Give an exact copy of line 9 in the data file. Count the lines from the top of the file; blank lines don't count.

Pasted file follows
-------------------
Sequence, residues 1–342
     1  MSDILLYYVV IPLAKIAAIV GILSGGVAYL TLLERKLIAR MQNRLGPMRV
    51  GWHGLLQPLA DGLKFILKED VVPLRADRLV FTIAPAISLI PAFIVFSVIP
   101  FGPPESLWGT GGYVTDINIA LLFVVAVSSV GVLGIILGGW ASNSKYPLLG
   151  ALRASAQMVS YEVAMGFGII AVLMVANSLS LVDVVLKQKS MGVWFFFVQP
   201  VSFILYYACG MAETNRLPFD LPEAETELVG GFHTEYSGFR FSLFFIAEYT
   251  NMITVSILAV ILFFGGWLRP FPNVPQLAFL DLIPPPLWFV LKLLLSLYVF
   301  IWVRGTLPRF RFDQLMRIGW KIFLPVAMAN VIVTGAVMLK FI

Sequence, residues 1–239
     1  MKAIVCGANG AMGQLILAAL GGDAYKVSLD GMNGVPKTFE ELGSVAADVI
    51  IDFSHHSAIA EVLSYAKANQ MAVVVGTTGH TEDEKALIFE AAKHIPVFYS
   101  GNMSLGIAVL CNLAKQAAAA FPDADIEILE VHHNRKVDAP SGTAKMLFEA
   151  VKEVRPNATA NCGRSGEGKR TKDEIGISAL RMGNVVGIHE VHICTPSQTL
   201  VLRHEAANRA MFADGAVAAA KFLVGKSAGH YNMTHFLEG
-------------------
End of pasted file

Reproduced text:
Sequence, residues 1–239